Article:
Repose of St Raphael the Bishop of Brooklyn

Commemorated on February 27

St Raphael, Bishop of Brooklyn (+ 1915)

Proclamation on the Glorification of Our Holy Father Bishop RAPHAEL (30-Apr-2000) Our holy Father Raphael was born in Syria in 1860 to pious Orthodox parents, Michael Hawaweeny and his second wife Mariam, the daughter of a priest of Damascus. The exact date of Raphael's birth is not known, but he estimated it to be on or near his Name Day, the Synaxis of the Holy Archangels Michael and Gabriel and all the Bodiless Powers of Heaven (November 8). Due to the violent persecution of Christians, at which time their parish priest, St Joseph of Damascus (July 10) and his companions were martyred, the Hawaweeny family was forced to flee to Beirut for their safety. It was here that the future saint first saw the light of day, and not in the city of his parents. Indeed, as the child's life unfolded, it was evident that he would have no continuing city in this world, but would seek the city which is to come (Heb 13:14).

On the Feast of Theophany in 1861, he was baptized with the name Rafla, and later that spring the family was able to return to Damascus. The child attended elementary school, where he did very well, but in 1874 it appeared that Michael Hawaweeny would no longer be able to afford his son's tuition. Fortunately, help came from Deacon Athanasius Atallah (later Metropolitan of Homs), who recommended to Patriarch Hierotheus of Antioch that Rafla be accepted as a student of the Patriarchate in preparation for the priesthood.

He was such a good student that he was selected to be a substitute teaching assistant in 1877. The following year he was appointed as a teacher of Arabic and Turkish. On March 28, 1879 he was tonsured as a monk by Patriarch Hierotheus, and served as His Beatitude's personal attendant.

Since the Balamand Seminary had been closed in 1840, Patriarch JOACHIM III of Constantinople invited the Patriarch of Antioch to send at least one deserving student to study on scholarship at the School of Theology at Halki, and Saint Raphael was the one who was selected to go.

On December 8, 1885 he was ordained to the diaconate at the school chapel. In July of 1886 the young deacon received his Certificate of T heology, and returned to his homeland in the hope of serving the Church there. Patriarch Gerasimus of Antioch was impressed with Deacon Raphael, and often took him along on his pastoral visitations of his parishes. When His Beatitude could not be present, Deacon Raphael was asked to preach the Word of God to the people.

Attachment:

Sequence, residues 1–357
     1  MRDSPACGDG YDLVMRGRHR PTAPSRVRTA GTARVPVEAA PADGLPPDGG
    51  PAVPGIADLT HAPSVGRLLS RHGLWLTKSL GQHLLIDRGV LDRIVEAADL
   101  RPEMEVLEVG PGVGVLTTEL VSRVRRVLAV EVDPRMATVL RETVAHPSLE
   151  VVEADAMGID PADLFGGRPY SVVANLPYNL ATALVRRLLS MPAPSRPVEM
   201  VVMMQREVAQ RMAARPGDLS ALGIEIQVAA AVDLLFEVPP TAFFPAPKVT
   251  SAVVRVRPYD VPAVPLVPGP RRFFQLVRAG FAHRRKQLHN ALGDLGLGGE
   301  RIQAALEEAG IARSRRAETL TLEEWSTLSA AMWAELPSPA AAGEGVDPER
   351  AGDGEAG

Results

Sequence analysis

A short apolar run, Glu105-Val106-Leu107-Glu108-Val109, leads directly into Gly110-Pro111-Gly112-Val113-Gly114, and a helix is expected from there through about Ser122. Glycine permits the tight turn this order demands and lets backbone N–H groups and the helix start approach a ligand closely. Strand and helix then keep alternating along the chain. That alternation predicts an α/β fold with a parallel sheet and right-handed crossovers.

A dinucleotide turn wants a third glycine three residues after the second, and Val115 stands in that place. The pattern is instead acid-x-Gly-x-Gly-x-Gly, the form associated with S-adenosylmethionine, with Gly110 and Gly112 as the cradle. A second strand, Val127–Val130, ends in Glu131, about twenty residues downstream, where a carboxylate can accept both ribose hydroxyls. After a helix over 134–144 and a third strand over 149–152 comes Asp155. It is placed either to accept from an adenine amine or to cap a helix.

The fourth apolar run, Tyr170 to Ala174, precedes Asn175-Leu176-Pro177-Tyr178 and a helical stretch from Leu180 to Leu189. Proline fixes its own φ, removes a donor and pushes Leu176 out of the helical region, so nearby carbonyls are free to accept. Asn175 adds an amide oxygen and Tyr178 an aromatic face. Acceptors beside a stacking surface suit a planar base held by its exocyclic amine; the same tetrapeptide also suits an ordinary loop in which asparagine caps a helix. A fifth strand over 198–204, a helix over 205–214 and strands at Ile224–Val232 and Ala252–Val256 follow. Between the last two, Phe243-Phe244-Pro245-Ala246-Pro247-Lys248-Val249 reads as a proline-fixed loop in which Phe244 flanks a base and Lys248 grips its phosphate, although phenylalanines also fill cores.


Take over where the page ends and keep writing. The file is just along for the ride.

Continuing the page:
Deacon Raphael was not satisfied with the extent of his knowledge, and thirsted to learn even more. This did not stem from personal pride or ambition, but came from his fervent desire to benefit others. Truly, the words of King Solomon could be applied to Saint Raphael: "Give an opportunity to a wise man, and he will be wiser; instruct a just man, and he will receive more instruction" (Proverbs 9:9). Therefore, he asked Patriarch Gerasimus to permit him to do graduate studies at a school in Russia, promising to return and serve as the Patriarch's Russian-language secretary. The Patriarch gave his blessing, and Deacon Raphael was accepted as a student at the Theological Academy of Kiev.

In 1889 Patriarch Gerasimus ordered the young deacon to take over as head of the Antiochian representation church in Moscow. He was ordained to the holy priesthood by Bishop SYLVESTER, the rector of the Academy, at the request of Patriarch Gerasimus. A month later, he was raised to the rank of archimandrite by Metropolitan IOANNIKII of Moscow, and was confirmed as head of the Antiochian representation church. After two years, Archimandrite Raphael was able to reduce the representation's 65,000 ruble debt by 15,000 rubles. He also arranged for twenty-four Syrian students to come to Russia to further their education, hoping that they would return to Syria and teach others.